Understanding master narratives can be the difference between analytic anticipation and unwanted surprise, as well as the difference between communications successes and messaging gaffes. Master narratives are the historically grounded stories that reflect a community’s identity and experiences, or explain its hopes, aspirations, and concerns. These narratives help groups understand who they are and where they come from, and how to make sense of unfolding developments around them. As they do in all countries, effective communicators in Syria invoke master narratives in order to move audiences in a preferred direction. Syrian influencers rely on their native familiarity with these master narratives to use them effectively. This task is considerably more challenging for US communicators and analysts because they must place themselves in the mindset of foreign audiences who believe stories that — from an American vantage point — may appear surprising, conspiratorial, or even outlandish.
U.S. Department of State Humanitarian Information Unit map from July 19, 2012 depicting locations and numbers of internally and externally displaced persons as a result of the current conflict in Syria.
Conflict between government and opposition forces continued during the week, generally following the established pattern of government military attacks and security raids against centers of opposition, on the one hand, and ambushes and bombings by opposition forces on the other. The Syrian conflict also continued to spark clashes in neighboring Lebanon. Further turmoil among the top leadership of the opposition Syrian National Council (SNC) reflected the opposition’s continued difficulty in unifying ranks. Syria and the United Nations traded accusations on the subject of human-rights violations.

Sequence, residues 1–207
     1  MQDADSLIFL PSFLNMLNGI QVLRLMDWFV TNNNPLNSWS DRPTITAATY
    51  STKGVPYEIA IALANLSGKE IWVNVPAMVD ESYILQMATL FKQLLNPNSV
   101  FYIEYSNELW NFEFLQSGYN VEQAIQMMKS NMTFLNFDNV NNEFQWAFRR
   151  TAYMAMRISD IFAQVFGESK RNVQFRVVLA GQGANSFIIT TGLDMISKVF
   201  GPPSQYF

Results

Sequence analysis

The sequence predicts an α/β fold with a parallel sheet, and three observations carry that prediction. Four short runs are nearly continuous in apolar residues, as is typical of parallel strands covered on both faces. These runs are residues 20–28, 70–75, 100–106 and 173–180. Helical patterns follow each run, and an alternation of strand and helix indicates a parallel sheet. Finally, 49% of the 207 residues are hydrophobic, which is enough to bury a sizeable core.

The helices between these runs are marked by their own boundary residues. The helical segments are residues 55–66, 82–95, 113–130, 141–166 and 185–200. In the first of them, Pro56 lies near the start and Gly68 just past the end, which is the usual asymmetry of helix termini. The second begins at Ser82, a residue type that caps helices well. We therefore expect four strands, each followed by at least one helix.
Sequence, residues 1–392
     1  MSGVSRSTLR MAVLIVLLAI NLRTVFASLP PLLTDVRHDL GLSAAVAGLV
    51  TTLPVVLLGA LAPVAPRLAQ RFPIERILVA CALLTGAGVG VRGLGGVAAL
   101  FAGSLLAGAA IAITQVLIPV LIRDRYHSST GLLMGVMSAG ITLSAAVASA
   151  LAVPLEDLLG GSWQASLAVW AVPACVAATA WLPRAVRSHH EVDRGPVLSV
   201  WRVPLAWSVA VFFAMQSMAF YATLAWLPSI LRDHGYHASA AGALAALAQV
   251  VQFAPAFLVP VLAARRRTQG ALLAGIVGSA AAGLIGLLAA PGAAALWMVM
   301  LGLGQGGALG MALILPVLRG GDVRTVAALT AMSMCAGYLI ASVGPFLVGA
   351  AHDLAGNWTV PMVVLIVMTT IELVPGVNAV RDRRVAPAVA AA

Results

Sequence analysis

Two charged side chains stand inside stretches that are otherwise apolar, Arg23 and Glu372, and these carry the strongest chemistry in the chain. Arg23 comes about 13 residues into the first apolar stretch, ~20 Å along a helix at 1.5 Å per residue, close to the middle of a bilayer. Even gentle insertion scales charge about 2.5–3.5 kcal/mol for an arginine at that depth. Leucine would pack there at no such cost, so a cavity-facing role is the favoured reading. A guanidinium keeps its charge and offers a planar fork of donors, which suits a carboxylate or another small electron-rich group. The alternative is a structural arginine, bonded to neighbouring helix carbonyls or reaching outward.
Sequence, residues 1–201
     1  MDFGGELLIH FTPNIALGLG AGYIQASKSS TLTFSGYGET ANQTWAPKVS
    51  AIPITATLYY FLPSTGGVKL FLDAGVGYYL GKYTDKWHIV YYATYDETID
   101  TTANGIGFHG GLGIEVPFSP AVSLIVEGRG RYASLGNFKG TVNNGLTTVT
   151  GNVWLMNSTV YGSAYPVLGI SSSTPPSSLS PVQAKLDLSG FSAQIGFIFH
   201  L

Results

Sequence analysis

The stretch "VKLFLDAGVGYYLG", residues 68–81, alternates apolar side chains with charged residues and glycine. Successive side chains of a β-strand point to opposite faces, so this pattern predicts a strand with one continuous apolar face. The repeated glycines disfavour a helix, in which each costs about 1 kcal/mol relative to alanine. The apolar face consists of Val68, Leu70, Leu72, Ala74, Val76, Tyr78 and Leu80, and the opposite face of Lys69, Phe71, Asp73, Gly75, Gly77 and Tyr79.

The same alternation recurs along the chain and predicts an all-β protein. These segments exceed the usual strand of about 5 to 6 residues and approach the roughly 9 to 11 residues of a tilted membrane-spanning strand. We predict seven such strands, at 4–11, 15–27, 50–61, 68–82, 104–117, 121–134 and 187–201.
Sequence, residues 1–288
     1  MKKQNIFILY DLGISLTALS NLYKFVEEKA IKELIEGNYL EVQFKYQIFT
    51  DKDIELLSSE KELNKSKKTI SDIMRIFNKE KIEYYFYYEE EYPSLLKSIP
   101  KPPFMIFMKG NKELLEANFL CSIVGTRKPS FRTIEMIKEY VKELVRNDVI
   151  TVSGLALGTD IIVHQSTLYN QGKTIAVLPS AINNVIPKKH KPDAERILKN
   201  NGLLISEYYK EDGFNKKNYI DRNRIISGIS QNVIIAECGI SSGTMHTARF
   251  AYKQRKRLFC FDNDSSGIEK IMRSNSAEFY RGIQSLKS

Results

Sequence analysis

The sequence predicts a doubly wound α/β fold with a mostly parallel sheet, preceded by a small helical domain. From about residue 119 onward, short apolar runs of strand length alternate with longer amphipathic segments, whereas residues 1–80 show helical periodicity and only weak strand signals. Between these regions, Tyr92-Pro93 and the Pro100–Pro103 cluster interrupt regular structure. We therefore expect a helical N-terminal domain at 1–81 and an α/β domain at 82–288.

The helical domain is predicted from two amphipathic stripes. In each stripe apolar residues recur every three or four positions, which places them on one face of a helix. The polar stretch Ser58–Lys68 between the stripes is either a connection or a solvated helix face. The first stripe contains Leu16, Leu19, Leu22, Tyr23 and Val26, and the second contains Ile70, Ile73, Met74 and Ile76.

OSC has recently observed two Facebook pages and a popular blog that promote the recently established Syrian jihadist group Al-Nusrah Front and jihadist attacks in Syria. As these pages are the top results for a Google search in Arabic of “Al-Nusrah Front,” they are likely to be visited by Arabic-speaking Internet users interested in the group. Observed activity on these pages suggests expanding interest in Al-Nusrah Front.
A “Sales Playbook” for distributors of Blue Coat equipment includes pricelists and a guide to selling web filtering technology including some of the very same models discovered by Telecomix to be in use by the Syrian government for spying on their population. These models include the SG-400 and SG-810, among others, which have a price range of $3,999 up to $34,999 depending on the specific model.
List of Martyrs/Victims of the Syrian Revolution produced by the Committee of Martyrs of 15 March Revolution.